The most lucrative and safest investment in the world – almost guaranteed to deliver outstanding financial returns as well as improving civic well-being and economic development – is to invest in the economic and social empowerment of women.
Poverty levels are well documented in India, and it is estimated that the country is home to at least one-third of the world’s poor.
In a world of free enterprise, gender does not play a role in an individual’s ability to participate or prosper in the marketplace. In this ideal world, women have equal access to an education; they can acquire a loan and have the right to open their businesses of their choosing.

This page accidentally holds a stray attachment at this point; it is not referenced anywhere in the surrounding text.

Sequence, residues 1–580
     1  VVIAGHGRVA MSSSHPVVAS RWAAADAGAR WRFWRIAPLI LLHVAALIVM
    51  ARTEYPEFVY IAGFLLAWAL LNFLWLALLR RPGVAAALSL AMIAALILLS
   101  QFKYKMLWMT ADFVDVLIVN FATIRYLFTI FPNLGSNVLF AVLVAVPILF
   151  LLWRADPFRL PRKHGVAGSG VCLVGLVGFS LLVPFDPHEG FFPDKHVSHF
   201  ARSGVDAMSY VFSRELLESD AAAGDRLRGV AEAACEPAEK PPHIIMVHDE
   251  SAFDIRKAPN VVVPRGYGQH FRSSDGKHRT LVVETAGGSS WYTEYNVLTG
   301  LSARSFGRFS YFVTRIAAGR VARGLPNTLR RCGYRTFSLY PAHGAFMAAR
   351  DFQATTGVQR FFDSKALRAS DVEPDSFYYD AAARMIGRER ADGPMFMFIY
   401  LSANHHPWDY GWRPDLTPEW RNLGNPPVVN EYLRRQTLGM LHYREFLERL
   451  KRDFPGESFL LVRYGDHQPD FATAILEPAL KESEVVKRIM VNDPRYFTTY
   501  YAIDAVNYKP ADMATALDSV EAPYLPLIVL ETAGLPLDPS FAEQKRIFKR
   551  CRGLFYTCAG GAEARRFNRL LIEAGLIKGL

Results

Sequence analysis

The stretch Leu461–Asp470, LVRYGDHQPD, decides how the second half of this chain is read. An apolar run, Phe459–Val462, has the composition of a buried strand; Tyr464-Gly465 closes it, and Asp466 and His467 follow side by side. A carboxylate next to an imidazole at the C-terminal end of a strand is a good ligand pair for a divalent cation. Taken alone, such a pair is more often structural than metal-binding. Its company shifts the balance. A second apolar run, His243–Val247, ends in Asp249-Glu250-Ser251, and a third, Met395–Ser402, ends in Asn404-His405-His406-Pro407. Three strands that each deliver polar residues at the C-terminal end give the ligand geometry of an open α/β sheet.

BCLC’s Taryn Bird (@tarynebird) is reporting in from New York this week, where global development events including the Clinton Global Initiative Annual Meeting and the UN General Assembly (UNGA) Meetings are taking place.
On a recent flight to Belize City, Belize, where some 400 PwC interns, staff, partners and retired partners flew down to teach financial literacy and entrepreneurship to more than 2,000 students, educators and parents, I began to think about a recent article I read entitled, What Do We Lose W
I've been enjoying GreenBiz's coverage of Rio+20 this week. In their piece about environmental public-private partnerships, writers Tensie Wheland (Rainforest Alliance) and John Williams (Domtar Corporation) write:
In Walter Isaacson’s biography of Steven Jobs, a transformative moment occurs when Jobs returns to Apple (where he’d been fired a few years before) and rescues the company from collapse.